False Reports of Sexual Assault Are Rare. But Why Is There So Little Reliable Data About Them?

Contrary to popular belief, there is no evidence that false rape reports drastically exceed those of other crimes.
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Hundreds of protesters rally in the Hart Senate Office Building while demonstrating against the confirmation of Supreme Court nominee Judge Brett Kavanaugh on Capitol Hill September 24th, 2018, in Washington, D.C.

Hundreds of protesters rally in the Hart Senate Office Building while demonstrating against the confirmation of Supreme Court nominee Judge Brett Kavanaugh on Capitol Hill September 24th, 2018, in Washington, D.C.

In the wake of allegations by Christine Blasey Ford and others against Supreme Court nominee Brett Kavanaugh, many speculated that the hearing devolved into a case of "he said, she said."

"It's a very scary time for young men in America, when you can be guilty of something that you may not be guilty of," President Donald Trump said earlier this week. Then, at a rally on Tuesday: "Think of your son. Think of your husband."

These comments tap into a common misperception, casting survivors of sexual assault as liars out for revenge, and their attackers as victims. Trump is not its only proponent: On Thursday, the New York Times published an op-ed by conservative columnist Bret Stephens, praising the president for his defense of sons and husbands everywhere. In "unpacking" this position, Stephens called upon the authority of research: "Yet false allegations of rape, while relatively rare, are at least five times as common as false accusations of other types of crime, according to academic literature," he writes.

But the one study that Stephens cites here—which relies on limited data—falls into a familiar trap among attempts to quantify false reports: failing to contextualize the federal government's often-unreliable data.

Contrary to popular belief, there is no evidence that false rape reports drastically exceed those of other crimes—in fact, many researchers argue there is no clear academic consensus on false rape reports' prevalence, period. Recent studies have critiqued the literature on this subject for using unreliable data or unscientific methodologies.

What we do know is this: False reports are rare, ranging from 2 to 10 percent of all reported sexual assaults. This figure comes from a commonly cited 2010 study, published in the peer-reviewed international journal Violence Against Women. This meta-analysis evaluated more than 20 previous studies and concluded that most misrepresent the rate of false reporting by not accounting for police departments' mistakes. (The researchers also conducted their own study, based on 10 years of reports at a single university—rare for a field that relies on Federal Bureau of Investigation data—putting the rate of false reporting at just under 6 percent.) "The greater the scrutiny applied to police classifications, the lower the rate of false reporting detected," study author David Lisak writes. "Cumulatively, these findings contradict the still widely promulgated stereotype that false rape allegations are a common occurrence."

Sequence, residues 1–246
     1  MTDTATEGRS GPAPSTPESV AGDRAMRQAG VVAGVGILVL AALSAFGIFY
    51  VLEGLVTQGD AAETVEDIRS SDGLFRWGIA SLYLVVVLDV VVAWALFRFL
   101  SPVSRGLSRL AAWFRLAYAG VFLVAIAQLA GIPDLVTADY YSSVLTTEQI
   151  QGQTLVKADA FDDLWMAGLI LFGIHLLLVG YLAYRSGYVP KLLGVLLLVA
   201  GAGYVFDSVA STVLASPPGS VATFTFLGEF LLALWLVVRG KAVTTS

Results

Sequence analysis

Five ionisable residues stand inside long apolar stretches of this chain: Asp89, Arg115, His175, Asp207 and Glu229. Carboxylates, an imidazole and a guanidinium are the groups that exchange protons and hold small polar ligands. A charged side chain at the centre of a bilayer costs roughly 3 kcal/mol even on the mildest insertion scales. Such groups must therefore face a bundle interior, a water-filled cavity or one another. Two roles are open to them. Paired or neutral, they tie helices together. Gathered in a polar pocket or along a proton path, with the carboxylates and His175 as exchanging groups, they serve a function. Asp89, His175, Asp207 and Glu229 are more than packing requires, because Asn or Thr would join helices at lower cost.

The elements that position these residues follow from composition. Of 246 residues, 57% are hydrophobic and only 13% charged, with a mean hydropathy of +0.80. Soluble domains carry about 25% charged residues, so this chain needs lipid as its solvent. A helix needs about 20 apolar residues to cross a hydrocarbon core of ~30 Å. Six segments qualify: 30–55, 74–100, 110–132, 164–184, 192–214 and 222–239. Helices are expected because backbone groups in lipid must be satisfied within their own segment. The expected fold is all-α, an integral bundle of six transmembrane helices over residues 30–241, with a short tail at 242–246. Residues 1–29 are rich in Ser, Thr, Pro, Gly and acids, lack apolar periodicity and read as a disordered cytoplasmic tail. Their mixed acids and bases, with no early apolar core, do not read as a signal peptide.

Why is there so much disagreement? For one, researchers relying on federal data often conflate "unfounded" reports—when law enforcement labels an accusation false or "baseless"—with entirely false ones. The FBI's broad label of "unfounded" includes accusations that have been investigated and dismissed as not meeting legal criteria, without being proven false. This confusion results in inflated numbers, the kind Kavanaugh's defenders cite—such as one debunked study that puts prevalence at 41 percent.

Drawing from the last published Uniform Crime Reporting data on "unfounded" reports in 1996, the FBI says the unfounded rate for "forcible rape," at 8 percent, is higher than the average for all other crimes measured, at 2 percent. However, the agency has since modified its guidelines to narrow this definition. Criminal justice professor Philip Rumney, writing in the Cambridge Law Journal in 2006, questions these numbers, which come from law enforcement agencies across the United States: "Among such a large number of agencies there is likely to be a significant variation in recording practice," he writes, citing the Philadelphia Police Department, which "dumped cases," labeling them "unfounded," in order to "reduce workload" for nearly two decades.

This was no isolated incident. As Lisak explains, FBI data is often unreliable:

Despite these guidelines, numerous studies have discovered that the misclassification of cases by law enforcement agencies is routine. Cases in which the victim is unable or unwilling to cooperate, in which evidence is lacking, in which the victim makes inconsistent statements, or in which the victim was heavily intoxicated frequently get classified as 'unfounded' or 'no-crimed.'

Even agencies that do not deliberately mislabel accusations make mistakes: Officials often misclassify accusations that have been delayed, or dismiss contradictions in a victim's statement as falsehoods—even though these inconsistencies are often the "artifact of police interviewing techniques," as researchers write in one 2012 study. According to the National Sexual Violence Resource Center, police departments are urged, but not required, to exclude reports such as these from their count; research shows that they often do not.

In the end, reports labeled "false" can be very dangerous—but for victims of sexual assault, not the "young men of America." Misconceptions about false reporting contribute to underreporting, a very real and widespread phenomenon. If you believed police, pundits, and the president will dismiss your account without proving it false, why would you report it?

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